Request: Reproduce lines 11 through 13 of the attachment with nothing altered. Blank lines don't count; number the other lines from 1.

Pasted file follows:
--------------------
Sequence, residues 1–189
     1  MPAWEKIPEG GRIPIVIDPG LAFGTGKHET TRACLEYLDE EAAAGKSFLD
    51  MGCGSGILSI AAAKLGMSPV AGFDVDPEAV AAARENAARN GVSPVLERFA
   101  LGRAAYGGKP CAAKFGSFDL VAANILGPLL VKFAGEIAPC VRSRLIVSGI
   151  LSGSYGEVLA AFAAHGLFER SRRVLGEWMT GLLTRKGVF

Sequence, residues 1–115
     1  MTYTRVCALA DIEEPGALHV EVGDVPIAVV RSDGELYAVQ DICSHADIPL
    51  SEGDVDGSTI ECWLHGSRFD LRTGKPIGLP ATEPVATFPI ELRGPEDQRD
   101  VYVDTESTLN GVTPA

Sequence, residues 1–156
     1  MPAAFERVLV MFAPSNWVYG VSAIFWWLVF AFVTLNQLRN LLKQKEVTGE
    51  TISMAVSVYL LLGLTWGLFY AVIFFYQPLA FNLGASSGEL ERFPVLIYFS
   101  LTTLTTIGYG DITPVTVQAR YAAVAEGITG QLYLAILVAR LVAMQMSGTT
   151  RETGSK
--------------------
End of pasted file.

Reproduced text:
     1  MPAAFERVLV MFAPSNWVYG VSAIFWWLVF AFVTLNQLRN LLKQKEVTGE
    51  TISMAVSVYL LLGLTWGLFY AVIFFYQPLA FNLGASSGEL ERFPVLIYFS
   101  LTTLTTIGYG DITPVTVQAR YAAVAEGITG QLYLAILVAR LVAMQMSGTT